Winnie is our narrator and the rest of the story is told through her eyes as she shares her encounter with Irma at the Fascination Parlor and learns that her son, Jim was taken into custody by the police as a suspect in a rape of a young girl. Questioning Irma, brings to light information about her son, her family and the fact that she needs help as Winnie ponders all the reasons why Matthew is the right person to defend him while flashing back to his career and a case that made the news and changed his perspective when dealing capital punishment cases. So, why did he decide to take this one and how would he proceed? Fascinated: Winnie was transfixed with the case, enjoyed the hype, being part of it from the start and hoping Matthew would get involved. Winnie tells the story in her own words about this rape/trial murder that rocked this New England town. Based on real events Winnie King as the defense attorney’s wife and friends with the mother of the defendant takes on many different viewpoints, relates what she thinks about the evidence presented in the case and has strong feelings about the truth but never shares them.
As the newspapers voiced their take on the murder the airwaves, were filled with reports, speculations, and the fact that noted criminal attorney Matthew King had shown up in Plymouth demanding to see his client: Jim Pruitt. After many weeks of seeking evidence, presenting testimony to the grand jury and getting Jim things started to heat up. Beatrice Wallace was the girl they claimed he raped but did he?
The hands of justice move in many different ways as the evidence is collected the attorneys are getting prepared and the parties are ready to begin their case. The author creatively weaves many different plots and subplots as the strain of the upcoming trial ways heavily on Winnie and her marriage. Deciding to take a back step Matthew encourages the Pruitts to hire the best and most expensive defense attorney: Herbert Callahan to go up against the District Attorney named Dewing. Taking readers inside the courtroom, hearing the thoughts, inner most conflicts and hopes of those involved as Matthew and the legal defense team become entranced, enthralled and definitely fascinated with the case, the defendant and seek many different creative ways to get an aquittal. With jury selection completed the work now begins as the author presents the prosecutions opening statement and here is where things begin to change. As you listen to the testimony of the medical examiner, the police detectives, the witnesses, the young lady claiming he raped her, the inference that there was a missing girl that cannot be found and might exonerate him, you the reader must decide innocent or guilty from the evidence presented. The defense attorney is astute, underhanded you might say and manages to discredit just about all of the prosecutions witnesses by proving that not everything you remember is true, that memories are often faulty and that no one can prove within a shadow of doubt or reasonable doubt that Ruth was strangled, murdered, raped or why she died. A phone call received from an anonymous caller would bring some hope to the defense. Was there really a mystery call? Who was she and why didn’t she ever come forward? Newspapers had a field day and publications soared as the trial started and the headlines said it all. Photographs of all the players, the defendant created by sketch artists filled many pages as the case was brought to life for the public. All male jury, the opening statement of DA Edmund Dewing about to begin and the trial you might say decade or century was off to an interesting start. This fast paced murder mystery keeps readers on the edge as the prosecution takes the lead and the defense defuses his case every step of the way. Points one on both sides yet the hands of justice seem tipped in one direction. Each witness questioned, each one made to rethink what they saw, heard or even witnessed as you enter the courtroom of Judge Goldberg, hear the testimony first hand and decide if Ruth left the Colonial Casino with Jim, got into his car, refused his advances and wound up in the bog. You decide: Was she in his car? Did he kill her? Strands of hair were found and they matched hers? Murder in the first degree or innocent? Reasonable doubt: Was it proved that she was strangled or murdered? Were her friends telling the truth? When did he really get home? Did he really come home and talk with his mother? Truths, lies, betrayals, deceits and when you hear the voice of the defendant, visualize his expressions will you the reader find for the defense or prosecution? A verdict that set the town on fire and the end result ill surprise you as Winnie King reflects on what she wishes she had shared many years later. Was Jim Pruitt guilty or innocent? Was everyone so fascinated with the case and enthralled with the illusion of him painted by the defense that no one saw the real him? Fascination Parlor: A game of chance: Is murder?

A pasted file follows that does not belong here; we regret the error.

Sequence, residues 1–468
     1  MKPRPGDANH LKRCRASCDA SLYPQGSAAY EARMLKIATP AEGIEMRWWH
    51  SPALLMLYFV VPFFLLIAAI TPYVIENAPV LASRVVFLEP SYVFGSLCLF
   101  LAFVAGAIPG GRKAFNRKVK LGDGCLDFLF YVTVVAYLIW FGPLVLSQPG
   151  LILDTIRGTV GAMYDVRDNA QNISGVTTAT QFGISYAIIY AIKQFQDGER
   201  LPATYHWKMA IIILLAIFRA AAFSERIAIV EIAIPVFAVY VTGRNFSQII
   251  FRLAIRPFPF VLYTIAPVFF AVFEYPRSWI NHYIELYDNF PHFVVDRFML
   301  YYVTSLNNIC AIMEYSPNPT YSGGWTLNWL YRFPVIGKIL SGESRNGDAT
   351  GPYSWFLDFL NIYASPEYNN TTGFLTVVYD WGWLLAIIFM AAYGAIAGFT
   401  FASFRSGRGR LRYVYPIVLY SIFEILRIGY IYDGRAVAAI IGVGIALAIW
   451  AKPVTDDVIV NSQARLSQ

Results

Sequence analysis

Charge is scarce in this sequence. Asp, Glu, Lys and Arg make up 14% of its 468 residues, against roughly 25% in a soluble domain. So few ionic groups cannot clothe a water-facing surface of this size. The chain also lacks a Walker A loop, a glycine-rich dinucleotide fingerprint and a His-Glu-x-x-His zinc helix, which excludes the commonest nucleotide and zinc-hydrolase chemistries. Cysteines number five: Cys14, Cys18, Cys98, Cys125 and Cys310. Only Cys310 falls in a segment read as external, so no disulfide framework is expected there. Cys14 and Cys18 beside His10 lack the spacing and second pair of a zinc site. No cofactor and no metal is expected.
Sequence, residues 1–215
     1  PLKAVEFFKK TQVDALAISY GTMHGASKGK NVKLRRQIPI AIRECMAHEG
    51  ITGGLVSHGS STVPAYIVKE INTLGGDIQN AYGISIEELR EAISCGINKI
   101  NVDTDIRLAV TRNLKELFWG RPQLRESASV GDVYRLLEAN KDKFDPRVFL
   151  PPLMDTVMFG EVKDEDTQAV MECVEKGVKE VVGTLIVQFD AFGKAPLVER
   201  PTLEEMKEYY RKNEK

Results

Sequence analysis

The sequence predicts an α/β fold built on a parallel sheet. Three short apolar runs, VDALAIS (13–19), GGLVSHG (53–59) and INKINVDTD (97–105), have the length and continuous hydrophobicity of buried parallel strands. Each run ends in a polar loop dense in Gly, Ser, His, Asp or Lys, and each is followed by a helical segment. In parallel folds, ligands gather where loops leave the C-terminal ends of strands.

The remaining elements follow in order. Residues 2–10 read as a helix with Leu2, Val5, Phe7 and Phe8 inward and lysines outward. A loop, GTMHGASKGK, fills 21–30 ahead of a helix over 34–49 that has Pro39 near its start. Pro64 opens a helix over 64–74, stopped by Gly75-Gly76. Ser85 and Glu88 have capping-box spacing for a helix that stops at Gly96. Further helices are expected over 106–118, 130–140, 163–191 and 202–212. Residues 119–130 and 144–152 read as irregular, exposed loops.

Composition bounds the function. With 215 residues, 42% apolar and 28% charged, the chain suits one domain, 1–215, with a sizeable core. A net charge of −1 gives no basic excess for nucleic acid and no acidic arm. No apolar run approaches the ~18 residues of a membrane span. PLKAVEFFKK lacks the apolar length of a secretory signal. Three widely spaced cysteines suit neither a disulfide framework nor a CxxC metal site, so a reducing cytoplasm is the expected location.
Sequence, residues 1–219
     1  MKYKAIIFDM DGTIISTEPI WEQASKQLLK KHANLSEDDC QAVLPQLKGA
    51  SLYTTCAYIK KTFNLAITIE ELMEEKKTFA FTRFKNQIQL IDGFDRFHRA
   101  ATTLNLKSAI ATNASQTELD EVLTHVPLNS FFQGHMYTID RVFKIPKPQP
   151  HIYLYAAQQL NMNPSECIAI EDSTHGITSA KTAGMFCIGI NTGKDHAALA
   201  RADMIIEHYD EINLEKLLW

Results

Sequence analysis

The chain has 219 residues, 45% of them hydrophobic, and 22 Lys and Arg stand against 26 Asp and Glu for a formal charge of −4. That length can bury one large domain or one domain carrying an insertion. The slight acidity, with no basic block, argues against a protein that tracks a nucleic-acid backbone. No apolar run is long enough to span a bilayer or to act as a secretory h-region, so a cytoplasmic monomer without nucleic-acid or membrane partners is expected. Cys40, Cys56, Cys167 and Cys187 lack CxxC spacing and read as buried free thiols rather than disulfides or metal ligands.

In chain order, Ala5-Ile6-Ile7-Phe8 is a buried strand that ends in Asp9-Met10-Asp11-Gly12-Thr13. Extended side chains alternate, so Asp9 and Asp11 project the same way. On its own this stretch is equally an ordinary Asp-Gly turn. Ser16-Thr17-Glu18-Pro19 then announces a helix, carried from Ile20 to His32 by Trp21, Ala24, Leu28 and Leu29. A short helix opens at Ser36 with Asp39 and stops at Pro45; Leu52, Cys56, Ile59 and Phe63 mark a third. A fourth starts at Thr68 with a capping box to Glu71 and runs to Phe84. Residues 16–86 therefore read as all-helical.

Fran Lewis: Reviewer